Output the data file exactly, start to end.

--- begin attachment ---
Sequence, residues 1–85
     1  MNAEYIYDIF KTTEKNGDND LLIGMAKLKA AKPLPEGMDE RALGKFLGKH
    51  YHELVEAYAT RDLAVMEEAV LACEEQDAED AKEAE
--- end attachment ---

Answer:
Sequence, residues 1–85
     1  MNAEYIYDIF KTTEKNGDND LLIGMAKLKA AKPLPEGMDE RALGKFLGKH
    51  YHELVEAYAT RDLAVMEEAV LACEEQDAED AKEAE